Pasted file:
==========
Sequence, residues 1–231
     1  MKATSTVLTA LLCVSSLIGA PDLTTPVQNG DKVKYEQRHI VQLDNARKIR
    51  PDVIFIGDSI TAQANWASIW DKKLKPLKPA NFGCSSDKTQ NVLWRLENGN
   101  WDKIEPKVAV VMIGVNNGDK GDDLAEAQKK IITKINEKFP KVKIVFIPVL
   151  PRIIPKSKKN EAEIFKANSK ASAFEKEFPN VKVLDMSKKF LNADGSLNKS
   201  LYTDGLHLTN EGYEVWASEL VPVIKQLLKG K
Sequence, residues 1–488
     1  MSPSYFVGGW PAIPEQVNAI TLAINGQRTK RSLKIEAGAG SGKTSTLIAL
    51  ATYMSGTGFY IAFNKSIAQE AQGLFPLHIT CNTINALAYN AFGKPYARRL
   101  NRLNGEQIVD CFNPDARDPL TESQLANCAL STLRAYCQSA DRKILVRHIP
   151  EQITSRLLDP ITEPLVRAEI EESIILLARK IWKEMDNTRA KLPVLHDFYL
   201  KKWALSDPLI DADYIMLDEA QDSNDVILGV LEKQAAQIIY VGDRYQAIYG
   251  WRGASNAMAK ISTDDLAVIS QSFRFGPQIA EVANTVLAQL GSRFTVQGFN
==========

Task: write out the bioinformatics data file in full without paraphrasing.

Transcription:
Sequence, residues 1–231
     1  MKATSTVLTA LLCVSSLIGA PDLTTPVQNG DKVKYEQRHI VQLDNARKIR
    51  PDVIFIGDSI TAQANWASIW DKKLKPLKPA NFGCSSDKTQ NVLWRLENGN
   101  WDKIEPKVAV VMIGVNNGDK GDDLAEAQKK IITKINEKFP KVKIVFIPVL
   151  PRIIPKSKKN EAEIFKANSK ASAFEKEFPN VKVLDMSKKF LNADGSLNKS
   201  LYTDGLHLTN EGYEVWASEL VPVIKQLLKG K
Sequence, residues 1–488
     1  MSPSYFVGGW PAIPEQVNAI TLAINGQRTK RSLKIEAGAG SGKTSTLIAL
    51  ATYMSGTGFY IAFNKSIAQE AQGLFPLHIT CNTINALAYN AFGKPYARRL
   101  NRLNGEQIVD CFNPDARDPL TESQLANCAL STLRAYCQSA DRKILVRHIP
   151  EQITSRLLDP ITEPLVRAEI EESIILLARK IWKEMDNTRA KLPVLHDFYL
   201  KKWALSDPLI DADYIMLDEA QDSNDVILGV LEKQAAQIIY VGDRYQAIYG
   251  WRGASNAMAK ISTDDLAVIS QSFRFGPQIA EVANTVLAQL GSRFTVQGFN